Feb. 9 — Sharon Regional unveils new cath lab: Sharon Regional Medical Center opens new cardiac catherization lab at its Sharon hospital as part of a $3.5 million expansion project.

Feb. 10 — Free health clinic to open: Joshua’s Haven in Sharon readies to open a free health clinic in Sharon.

Feb. 11 — Coming soon: The last picture show: New Castle-based Golden Star Theaters announce it will close the eight-screen theater in Hermitage Towne Plaza.

Feb. 12 — Local heroes: Stey-Nevant Public Library in Farrell marks Black History Month by recognizing local community figures.

Feb. 13 — Parents upset about bathroom decision: During a Sharon City School Board meeting, parents raise concern over administration’s decision to close all but one restroom at the high school because of vandalism incidents.

Feb. 14 — Warehouse project suffers setback: Hopes for a one million-share-foot warehouse on Mercer County property along I-80 in East Lackawannock fade as Clayco Inc., a Chicago-based realty developer, let its option to buy the land expire.

Feb. 15 — Factory blast injures 5: Five people are injured in an explosion at Combine Systems’ factory in Greene Township.

Feb. 16 — Sharon moves closer to new vision plan: Sharon city officials, residents and business owners consider creating a downtown coordinator position to boost development efforts.

Feb. 19 — DFA purchases some Dean Dairy plants: Dairy Farmers of America buys a substantial part of Dean Foods which includes its milk processing plant in South Pymatuning Township.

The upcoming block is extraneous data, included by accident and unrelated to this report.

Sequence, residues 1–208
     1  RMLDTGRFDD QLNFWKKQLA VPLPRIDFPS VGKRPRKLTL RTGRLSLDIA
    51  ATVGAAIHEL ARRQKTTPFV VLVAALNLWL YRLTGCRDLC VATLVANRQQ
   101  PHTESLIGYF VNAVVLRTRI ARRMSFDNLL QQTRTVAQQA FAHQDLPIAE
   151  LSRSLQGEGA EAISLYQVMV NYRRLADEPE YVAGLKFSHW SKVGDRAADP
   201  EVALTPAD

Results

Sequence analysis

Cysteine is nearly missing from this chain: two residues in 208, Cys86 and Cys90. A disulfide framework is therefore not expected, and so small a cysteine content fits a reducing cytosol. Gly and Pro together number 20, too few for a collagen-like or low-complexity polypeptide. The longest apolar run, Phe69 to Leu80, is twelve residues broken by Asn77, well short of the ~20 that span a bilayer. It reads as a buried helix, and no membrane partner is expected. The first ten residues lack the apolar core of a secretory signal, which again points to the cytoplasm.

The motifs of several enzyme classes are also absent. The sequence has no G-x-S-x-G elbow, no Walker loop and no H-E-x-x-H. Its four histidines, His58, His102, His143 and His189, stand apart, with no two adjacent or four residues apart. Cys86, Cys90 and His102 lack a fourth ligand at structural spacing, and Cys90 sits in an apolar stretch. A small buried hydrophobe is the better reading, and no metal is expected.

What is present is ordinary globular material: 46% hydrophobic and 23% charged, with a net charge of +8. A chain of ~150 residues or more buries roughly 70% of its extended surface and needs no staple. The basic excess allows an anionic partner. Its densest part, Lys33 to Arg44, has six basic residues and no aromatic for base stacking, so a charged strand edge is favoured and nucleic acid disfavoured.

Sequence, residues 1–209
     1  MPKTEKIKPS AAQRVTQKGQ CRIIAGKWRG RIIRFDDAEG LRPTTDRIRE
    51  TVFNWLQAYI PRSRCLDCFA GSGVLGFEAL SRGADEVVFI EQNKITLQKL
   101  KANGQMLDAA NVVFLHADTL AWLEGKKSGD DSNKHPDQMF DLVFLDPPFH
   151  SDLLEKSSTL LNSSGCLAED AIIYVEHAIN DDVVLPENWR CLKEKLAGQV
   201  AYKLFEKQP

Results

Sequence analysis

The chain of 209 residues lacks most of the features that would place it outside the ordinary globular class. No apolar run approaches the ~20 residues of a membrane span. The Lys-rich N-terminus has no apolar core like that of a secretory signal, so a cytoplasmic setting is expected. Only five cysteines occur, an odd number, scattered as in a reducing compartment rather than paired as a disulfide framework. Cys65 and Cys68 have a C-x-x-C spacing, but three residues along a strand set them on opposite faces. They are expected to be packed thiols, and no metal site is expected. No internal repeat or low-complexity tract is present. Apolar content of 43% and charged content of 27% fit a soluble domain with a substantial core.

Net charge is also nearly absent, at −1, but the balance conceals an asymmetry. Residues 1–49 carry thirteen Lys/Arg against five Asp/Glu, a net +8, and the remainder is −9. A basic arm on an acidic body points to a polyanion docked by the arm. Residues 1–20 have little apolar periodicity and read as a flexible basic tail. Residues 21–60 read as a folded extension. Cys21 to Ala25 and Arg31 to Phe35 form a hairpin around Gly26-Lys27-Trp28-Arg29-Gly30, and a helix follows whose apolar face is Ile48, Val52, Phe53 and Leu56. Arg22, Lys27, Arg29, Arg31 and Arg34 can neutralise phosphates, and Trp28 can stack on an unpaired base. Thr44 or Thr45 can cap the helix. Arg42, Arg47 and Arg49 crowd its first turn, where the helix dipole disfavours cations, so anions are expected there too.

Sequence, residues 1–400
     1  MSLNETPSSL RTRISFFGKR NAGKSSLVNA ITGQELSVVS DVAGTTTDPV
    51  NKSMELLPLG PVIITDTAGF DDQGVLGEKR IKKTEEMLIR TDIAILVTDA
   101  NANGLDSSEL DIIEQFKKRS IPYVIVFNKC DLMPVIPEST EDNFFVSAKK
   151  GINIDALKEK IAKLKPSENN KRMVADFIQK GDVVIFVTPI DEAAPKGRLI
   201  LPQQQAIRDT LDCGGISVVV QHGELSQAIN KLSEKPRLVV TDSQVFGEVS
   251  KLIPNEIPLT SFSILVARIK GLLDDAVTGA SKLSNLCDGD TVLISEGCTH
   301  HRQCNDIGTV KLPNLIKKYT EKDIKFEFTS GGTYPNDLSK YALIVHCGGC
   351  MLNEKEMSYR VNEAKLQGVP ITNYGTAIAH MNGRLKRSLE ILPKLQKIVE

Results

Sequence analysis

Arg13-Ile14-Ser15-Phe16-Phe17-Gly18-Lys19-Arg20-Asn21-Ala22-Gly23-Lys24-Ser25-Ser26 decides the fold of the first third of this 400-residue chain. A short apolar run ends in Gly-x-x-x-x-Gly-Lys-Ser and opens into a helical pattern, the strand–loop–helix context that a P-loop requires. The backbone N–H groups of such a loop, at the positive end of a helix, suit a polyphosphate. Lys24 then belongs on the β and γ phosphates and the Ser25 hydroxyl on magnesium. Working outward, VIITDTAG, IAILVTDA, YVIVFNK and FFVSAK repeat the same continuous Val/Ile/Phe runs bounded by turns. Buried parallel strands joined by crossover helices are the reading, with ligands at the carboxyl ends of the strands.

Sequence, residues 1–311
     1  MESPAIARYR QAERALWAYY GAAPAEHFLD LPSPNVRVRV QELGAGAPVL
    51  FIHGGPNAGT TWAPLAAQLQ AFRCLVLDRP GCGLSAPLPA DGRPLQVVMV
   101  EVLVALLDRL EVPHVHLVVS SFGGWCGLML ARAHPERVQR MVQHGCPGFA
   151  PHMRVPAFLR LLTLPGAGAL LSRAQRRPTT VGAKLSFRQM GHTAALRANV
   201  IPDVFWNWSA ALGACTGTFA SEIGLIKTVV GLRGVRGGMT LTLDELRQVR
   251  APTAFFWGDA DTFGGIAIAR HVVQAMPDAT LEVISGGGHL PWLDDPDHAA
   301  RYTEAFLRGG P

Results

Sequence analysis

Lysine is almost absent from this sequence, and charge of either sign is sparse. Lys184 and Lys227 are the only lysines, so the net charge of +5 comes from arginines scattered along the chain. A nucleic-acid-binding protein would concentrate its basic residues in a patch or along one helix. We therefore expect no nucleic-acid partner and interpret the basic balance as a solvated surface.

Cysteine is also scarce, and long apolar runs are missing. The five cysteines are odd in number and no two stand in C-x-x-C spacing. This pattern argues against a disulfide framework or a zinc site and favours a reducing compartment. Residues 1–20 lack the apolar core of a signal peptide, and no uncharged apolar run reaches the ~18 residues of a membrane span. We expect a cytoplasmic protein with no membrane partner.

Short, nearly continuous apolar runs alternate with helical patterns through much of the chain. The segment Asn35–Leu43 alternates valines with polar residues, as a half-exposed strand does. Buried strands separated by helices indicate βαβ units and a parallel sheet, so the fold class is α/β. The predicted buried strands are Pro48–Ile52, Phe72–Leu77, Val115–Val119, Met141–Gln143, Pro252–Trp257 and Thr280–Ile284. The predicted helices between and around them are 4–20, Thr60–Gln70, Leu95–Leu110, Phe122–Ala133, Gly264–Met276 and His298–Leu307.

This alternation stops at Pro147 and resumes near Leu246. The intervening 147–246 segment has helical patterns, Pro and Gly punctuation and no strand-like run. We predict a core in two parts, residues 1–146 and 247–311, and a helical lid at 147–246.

Feb. 19 — Movie gets OK to film in Grove City: Producers of “Happiest Season,” a lesbian Christmas holiday romantic-comedy starring Kristen Stewart, win approval from Grove City officials to film scenes in the borough.

Feb. 21 — Hermitage Denny’s closes: Denny’s restaurant on East State Street in Hermitage closes with Denny’s corporate office saying the lease for the building had expired.

Feb. 22 — United Way exec to retire: Mercer County United Way Executive Director Jim Micsky announces his retirement.

Feb. 25 — Farrell reaches across state for manager: Farrell council approves hiring W. Benjamin Prescott as city manager to replace Michael Ceci.

Feb. 25 — A community farewell: The Jamestown school district community gathered to remember the life of 18-year-old high school basketball star Darian Keyser, who died Feb. 17.

Feb. 26 — Fresh water coming to municipal building: Shenango Township supervisors give details on a $440,000 project to extend water lines in the township that will provide drinking water to its municipal building and also with hopes to spark development in the community.

Feb. 27 — Greenville, Jamestown joining forces — Greenville and Jamestown school districts approve creating a joint wrestling program for the 2020-21 academic year.

Feb. 28 — Work to begin on Hermitage roundabout: PennDOT announces that construction is ready to begin on a new roundabout in Hermitage near the Shenango Valley Mall where Route 62 (the Shenango Valley Freeway) meets East State Street.

March 1 — Getting ready for a pandemic: Local agencies and medical centers prepare for the expected arrival of a coronavirus-related illnesses. Demand for face masks rises at local drug stores and other retailers. 

March 2 — Coroner’s office expanding staff, services: The Mercer County Coroner’s office expands with a new position of an administrative deputy coroner.

March 2 — Hermitage district joins in tax appeal: Hermitage city and school district officials join forces in an appeal of a property tax reassessment of Walmart’s property in the city. The reassessment cut the property’s taxable value from almost $3.5 million to less than $2 million, a decrease of 41%.

March 6 — NLMK union OKs strike — if necessary: United Steelworkers Local 1016-03, representing more than 400 production workers at NLMK Pennsylvania’s Farrell steel plant, vote to authorize union leaders to call a strike if labor negotiations with the company fail to yield a new contract.

March 7 — Virus arrives in Pa.: Local health centers are put on alert as Pennsylvania Department of Health identifies the state’s first two cases of COVID-19, in Delaware and Wayne counties.